Michigan Medicine’s clinical operations expect $3M loss in FY ’20


Costs from the COVID-19 pandemic dramatically affected financial results for Michigan Medicine’s clinical operations, resulting in a forecasted $3 million operating loss, after government assistance, on $4.7 billion in revenue for the fiscal year that ends on June 30.

The University of Michigan’s academic medical center had projected a positive operating margin of $175 million in fiscal year 2020 for its consolidated U-M Health System and U-M Health operations.

Because Michigan Medicine had to abruptly cancel surgeries and procedures, and devote operations to providing care for a surge of COVID-19 patients, revenues dropped dramatically during March and April.

The losses were offset by $136 million in government assistance along with recent efforts to reschedule and catch up on delayed appointments, surgeries and procedures.

“As the pandemic surged, Michigan Medicine stepped up to provide care for patients, expanding ICU beds, increasing personal protective equipment and other resources, and accepting more than 300 COVID-19 transfer patients — regardless of the cost,” said Dave Spahlinger, who presented the financial information to the Board of Regents on June 25. “Our staff responded quickly and carefully to transform our operations, illustrating their dedication to caring for our community.

“But the expenses of the COVID-19 care, coupled with the revenue loss from canceled procedures and surgeries resulted in hundreds of millions in lost revenue.”

Overall, Michigan Medicine accepted more than 800 transfers of all types of patients during the six-week height of the pandemic when other southeast Michigan hospitals were overwhelmed.

The financial results for Michigan Medicine’s clinical operations include performance from the Health System’s three hospitals, 125 clinics and the U-M Medical Group, as well as U-M Health, which represents Michigan Medicine’s affiliation with Metro Health in Grand Rapids.

“The year’s results reflect the unprecedented situation that COVID-19 presented to our health care system and community. Through it all, we did what was necessary to ensure safe, quality care for all of our patients even as we managed a healthcare crisis that continues,” said Spahlinger, executive vice dean for clinical affairs and president of the U-M Health System.

As announced May 5, Michigan Medicine embarked on an economic recovery plan that includes approximately 1,400 eliminated positions. However, Michigan Medicine achieved more than half of that target through attrition and furloughs.

Michigan Medicine currently is implementing its reduction-in-force plan, affecting 738 employees by June 30.

Depending on tenure, those affected will receive pay and benefits for varying periods of time and all will have access to career transition assistance.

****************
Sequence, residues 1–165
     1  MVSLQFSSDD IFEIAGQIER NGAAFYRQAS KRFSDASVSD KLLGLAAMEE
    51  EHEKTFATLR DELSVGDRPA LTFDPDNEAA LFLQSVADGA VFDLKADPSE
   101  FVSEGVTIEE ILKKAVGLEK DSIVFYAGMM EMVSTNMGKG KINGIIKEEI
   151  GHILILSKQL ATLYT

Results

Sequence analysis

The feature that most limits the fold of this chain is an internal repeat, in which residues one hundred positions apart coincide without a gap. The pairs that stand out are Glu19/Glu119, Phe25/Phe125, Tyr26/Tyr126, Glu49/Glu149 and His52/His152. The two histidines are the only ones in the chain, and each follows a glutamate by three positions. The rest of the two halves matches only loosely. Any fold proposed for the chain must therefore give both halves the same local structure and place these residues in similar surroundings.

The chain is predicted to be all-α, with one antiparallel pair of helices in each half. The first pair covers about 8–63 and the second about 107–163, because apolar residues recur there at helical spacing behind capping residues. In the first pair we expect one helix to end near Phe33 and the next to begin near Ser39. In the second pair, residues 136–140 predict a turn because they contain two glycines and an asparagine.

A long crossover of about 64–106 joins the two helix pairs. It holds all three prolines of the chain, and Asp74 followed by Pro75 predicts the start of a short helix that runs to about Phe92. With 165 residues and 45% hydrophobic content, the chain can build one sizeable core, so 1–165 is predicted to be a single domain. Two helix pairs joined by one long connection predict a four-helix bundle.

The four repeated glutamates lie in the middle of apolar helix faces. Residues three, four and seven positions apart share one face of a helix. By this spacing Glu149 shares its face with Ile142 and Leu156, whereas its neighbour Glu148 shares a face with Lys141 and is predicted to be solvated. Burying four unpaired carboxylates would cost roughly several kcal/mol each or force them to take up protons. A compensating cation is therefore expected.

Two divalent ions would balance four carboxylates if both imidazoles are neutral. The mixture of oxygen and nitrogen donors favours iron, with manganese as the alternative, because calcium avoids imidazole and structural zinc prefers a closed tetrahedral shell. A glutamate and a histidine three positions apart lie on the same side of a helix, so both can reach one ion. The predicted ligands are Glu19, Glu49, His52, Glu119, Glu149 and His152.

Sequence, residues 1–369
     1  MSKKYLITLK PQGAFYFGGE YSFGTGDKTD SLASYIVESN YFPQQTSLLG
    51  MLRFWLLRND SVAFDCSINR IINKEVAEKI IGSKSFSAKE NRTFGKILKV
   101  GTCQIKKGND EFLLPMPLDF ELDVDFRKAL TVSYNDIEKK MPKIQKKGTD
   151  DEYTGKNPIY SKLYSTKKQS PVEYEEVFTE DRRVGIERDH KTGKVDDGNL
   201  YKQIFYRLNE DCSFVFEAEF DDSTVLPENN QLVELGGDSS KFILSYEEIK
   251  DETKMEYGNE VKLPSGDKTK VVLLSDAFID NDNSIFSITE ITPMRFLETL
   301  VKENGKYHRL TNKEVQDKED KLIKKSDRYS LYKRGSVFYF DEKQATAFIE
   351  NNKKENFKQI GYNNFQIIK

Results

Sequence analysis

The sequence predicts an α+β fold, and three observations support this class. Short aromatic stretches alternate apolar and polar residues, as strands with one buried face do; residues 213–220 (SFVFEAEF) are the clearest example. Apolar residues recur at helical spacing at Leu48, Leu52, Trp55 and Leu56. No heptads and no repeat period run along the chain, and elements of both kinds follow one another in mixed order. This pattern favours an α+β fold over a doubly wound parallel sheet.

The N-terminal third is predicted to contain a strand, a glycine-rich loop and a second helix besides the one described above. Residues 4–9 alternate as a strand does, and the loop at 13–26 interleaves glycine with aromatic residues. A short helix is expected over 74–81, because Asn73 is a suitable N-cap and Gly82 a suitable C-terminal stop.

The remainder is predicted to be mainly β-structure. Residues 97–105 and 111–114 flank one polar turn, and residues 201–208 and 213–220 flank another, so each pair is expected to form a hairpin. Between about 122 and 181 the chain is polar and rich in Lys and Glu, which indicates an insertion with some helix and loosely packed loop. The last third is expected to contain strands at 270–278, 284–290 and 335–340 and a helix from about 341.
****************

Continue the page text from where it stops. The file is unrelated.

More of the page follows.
“Michigan Medicine made patient safety the top priority when determining where reductions in force would occur,” Spahlinger said. “These challenging, but carefully considered, actions will help Michigan Medicine continue to provide hope and healing to our patients and support our clinical, educational and research missions.”

In addition, leaders across Michigan Medicine will take a salary reduction. Marschall Runge, chief executive officer of Michigan Medicine, dean of the Medical School and executive vice president for medical affairs, will reduce his compensation by 20 percent and he has asked his direct reports, department chairs and other leaders to voluntarily reduce their compensation on a scale from 5-15 percent.

Other expense savings include suspension of merit increases, employer retirement match, tuition reimbursement, and reductions to supplies, consulting and discretionary expenses. The organization will also delay capital projects that are not needed for safety or regulatory compliance or meet an urgent strategic need. This includes construction of the new inpatient facility.

The early defined actions in the economic recovery plan are expected to result in a fiscal 2021 operating margin of $44.1 million, with further plans in development, Spahlinger told regents.

“We continue to face challenges of this pandemic. But we believe our economic recovery plan will allow us to respond to COVID-19 while safely reopening our clinics, operating rooms and providing care for all of our patients as we address this economic crisis,” Spahlinger said.

“We are working diligently to be ready and able to respond to another surge of COVID-19 infections at the same time we are making these difficult decisions about our budget. But with the help of our dedicated caregivers and staff, we can navigate this crisis and move forward in our efforts to improve employee and patient safety, reduce health disparities and support our education and research mission.”


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